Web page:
The real breakthrough in achieving a large measure of Jewish solidarity in Israel across “ethnic” or geo-cultural lines came about as a result of Mizrahi participation in the astounding victory of the 1967 Six day War and the long “War of Attrition” followed by the month long heroic struggle to defeat the Egyptian, Syrian, Egyptian and Iraqi forces in the Yom Kippur War after the initial surprise attack in October 1973. In 1948, the Mizrahi-Sephardi component at the time of Israel’s independence was no more than 15% and in 1956, many of the new immigrants from Asia and Africa were still in temporary transit camps (ma’abarot) and not fully integrated into Israeli society or the armed forces. In the military campaigns of 1967-73, a blood covenant was established that erased much of the negative preconceptions held by many Ashkenazim.
The Oriental Jews fought on all fronts with distinction and a return to the old paternalistic attitude of many Ashkenazi politicians was unthinkable. By no means did much of the still considerable economic, educational and social distinctions between communities disappear but the result of the war experiences was a watershed after which the diverse Jewish populations began to assimilate much of what had previously been the hoped-for Zionist ideals of Kibbutz uMizug haGaluyot (Ingathering and Mixing of the Exiles).
Nevertheless, some Mizrahi intellectuals continue to bear a grudge, particularly those whose education and economic status is far above the average of their own community but feel left out, slighted or discriminated against, especially regarding academic appointments in the limited number of Israeli universities. By all accounts, Israel today is a much healthier society as regards intra-communal relations and this includes relations with the newest arrivals of Black Ethiopian Jews. In spite of the constant tensions and threats of terrorism and war, Israelis have learned to live together and to rely less and less on simply being tagged with a label whether ethnic, racial or cultural. Much remains to be done and to find a formula to better integrate approximately a million non-Jews but no other state in the region has progressed as far and is unique in what it has achieved in enabling people of so many diverse backgrounds to live and work together.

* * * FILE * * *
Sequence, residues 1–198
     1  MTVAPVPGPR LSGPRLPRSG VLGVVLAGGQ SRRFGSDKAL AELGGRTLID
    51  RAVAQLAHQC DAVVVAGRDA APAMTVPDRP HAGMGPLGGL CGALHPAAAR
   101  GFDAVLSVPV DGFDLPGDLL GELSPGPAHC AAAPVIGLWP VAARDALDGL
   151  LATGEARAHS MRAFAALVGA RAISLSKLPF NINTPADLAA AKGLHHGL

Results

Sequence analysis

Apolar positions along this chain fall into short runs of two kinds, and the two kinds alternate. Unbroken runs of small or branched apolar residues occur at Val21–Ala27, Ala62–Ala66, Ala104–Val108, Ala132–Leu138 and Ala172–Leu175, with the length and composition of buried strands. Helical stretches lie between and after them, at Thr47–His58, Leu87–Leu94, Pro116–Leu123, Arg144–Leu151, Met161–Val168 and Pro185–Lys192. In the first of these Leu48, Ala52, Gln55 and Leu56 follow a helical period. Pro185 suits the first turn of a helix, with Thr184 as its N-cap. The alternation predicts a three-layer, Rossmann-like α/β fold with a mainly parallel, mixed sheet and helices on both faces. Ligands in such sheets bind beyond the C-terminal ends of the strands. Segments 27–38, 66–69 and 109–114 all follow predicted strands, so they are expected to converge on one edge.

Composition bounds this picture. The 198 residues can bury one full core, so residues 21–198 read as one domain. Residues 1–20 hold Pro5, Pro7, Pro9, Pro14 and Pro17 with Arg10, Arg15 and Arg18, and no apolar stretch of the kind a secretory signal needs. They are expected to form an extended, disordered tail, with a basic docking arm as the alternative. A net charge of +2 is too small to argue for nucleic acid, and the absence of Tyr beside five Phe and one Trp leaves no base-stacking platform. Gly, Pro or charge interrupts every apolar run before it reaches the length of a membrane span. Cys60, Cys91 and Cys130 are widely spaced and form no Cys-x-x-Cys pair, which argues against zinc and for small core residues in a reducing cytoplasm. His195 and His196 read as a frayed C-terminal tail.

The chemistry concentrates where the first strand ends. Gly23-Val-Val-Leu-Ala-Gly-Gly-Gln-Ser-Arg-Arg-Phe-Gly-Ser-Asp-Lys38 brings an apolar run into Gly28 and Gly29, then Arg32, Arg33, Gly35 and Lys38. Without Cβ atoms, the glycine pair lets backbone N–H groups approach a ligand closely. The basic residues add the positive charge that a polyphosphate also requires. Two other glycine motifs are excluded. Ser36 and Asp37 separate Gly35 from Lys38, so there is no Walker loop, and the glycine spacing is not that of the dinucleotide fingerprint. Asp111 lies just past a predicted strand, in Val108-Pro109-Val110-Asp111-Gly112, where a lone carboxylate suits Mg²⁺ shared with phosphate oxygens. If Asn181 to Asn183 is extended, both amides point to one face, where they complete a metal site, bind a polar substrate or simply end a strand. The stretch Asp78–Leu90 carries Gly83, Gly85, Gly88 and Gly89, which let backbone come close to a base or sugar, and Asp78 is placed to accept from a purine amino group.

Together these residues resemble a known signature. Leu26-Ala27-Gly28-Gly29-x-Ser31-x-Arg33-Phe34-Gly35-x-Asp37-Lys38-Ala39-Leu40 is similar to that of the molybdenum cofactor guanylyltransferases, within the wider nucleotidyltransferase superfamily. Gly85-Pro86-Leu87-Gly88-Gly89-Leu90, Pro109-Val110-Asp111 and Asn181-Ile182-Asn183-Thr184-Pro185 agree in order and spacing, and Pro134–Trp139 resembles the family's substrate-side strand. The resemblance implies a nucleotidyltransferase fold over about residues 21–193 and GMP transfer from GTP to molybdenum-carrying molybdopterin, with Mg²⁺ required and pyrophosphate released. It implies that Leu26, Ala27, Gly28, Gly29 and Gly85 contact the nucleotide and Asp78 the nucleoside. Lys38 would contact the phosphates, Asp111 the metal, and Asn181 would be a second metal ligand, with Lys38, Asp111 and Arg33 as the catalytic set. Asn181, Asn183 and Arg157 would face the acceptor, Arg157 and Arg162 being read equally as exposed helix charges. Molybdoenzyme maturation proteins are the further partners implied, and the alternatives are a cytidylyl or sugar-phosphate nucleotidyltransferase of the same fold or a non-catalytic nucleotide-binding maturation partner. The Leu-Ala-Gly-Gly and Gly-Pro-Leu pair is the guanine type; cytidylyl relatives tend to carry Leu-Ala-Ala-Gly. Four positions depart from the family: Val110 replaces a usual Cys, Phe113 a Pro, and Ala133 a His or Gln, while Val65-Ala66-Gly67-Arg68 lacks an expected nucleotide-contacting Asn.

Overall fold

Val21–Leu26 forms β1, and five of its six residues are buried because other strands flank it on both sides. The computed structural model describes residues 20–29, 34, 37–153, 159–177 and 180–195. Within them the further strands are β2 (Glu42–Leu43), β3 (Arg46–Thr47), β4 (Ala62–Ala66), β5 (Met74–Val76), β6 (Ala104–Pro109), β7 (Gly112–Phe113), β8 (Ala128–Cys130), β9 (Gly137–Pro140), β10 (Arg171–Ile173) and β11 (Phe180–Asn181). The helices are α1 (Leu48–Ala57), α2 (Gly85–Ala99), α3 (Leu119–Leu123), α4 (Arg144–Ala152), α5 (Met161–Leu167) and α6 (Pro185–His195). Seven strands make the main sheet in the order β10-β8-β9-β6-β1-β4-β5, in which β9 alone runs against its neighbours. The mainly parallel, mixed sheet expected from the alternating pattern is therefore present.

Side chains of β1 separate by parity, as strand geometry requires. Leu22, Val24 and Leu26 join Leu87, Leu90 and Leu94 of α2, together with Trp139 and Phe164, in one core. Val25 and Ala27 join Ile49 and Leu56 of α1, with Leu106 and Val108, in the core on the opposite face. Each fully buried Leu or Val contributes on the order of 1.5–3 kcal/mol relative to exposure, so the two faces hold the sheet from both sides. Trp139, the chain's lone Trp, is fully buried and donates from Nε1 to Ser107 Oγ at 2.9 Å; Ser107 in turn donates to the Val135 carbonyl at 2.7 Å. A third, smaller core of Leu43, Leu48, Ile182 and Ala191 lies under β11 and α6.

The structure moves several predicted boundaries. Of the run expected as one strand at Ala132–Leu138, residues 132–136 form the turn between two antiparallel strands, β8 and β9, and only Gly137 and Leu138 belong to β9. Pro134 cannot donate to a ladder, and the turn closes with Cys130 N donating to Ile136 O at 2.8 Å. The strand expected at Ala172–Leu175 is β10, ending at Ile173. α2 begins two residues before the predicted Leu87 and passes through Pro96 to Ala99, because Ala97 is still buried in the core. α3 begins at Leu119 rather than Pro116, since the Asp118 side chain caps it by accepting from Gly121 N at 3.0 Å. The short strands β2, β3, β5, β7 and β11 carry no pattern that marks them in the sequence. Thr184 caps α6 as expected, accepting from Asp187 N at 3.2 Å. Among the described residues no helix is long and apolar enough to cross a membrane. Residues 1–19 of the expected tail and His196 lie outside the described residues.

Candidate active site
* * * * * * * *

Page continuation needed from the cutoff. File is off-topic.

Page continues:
One major reason why worldwide critical opinion from the Left continues to vent its wrath on Israel is that Marxist ideology is at a loss to explain the survival of the Jewish people and their reconstitution as a nation. The Marxist dictum that each kilometer of railroad track and advance in technology would serve as a nail in the coffin of national differences and eventually eliminate all ethnic distinctiveness to forge a true working class solidarity was utterly wrong. A rebirth of intense ethnicity and territorial loyalty has occurred among all those groups that even in Marx’s time were considered to be on the road to assimilation in larger nationwide frameworks. The Armenians, Basques, Slovaks, Croats, Slovenians, Irish, Scots, Welsh, Catalans, Galicians, Maltese, Moldavians, Ukrainians, Finns, Lithuanians, Latvians, Estonians Georgians, French speaking Quebecois and the Jews who served as a model for Marx’s theory on assimilation were all supposed to lose their identity.
From Stalin’s 1913 essay on the National Question, it was gospel that a nation must be the expression of a people possessing two distinctive characteristics – their own land and language. The Jews before modern Israel had neither and so according to the litmus test of Marxism, Zionism was a diversion from the class struggle. A similar distaste for American society has also characterized the view of dogmatic Leftists regarding the failure of the American working class to develop a true proletarian consciousness. The utter failure of Socialist or Communist parties to take root in the United States is an embarrassment. Why a significant part of the electorate in both Israel and the United States defined by their economic and social position and regarded as “deprived” do not vote for their “class interests” but vote instead for parties that emphasize national self-interest, free enterprise and/or religious tradition and conservative social values is a thorn in the side of the dominant Leftwing political elites in much of Europe.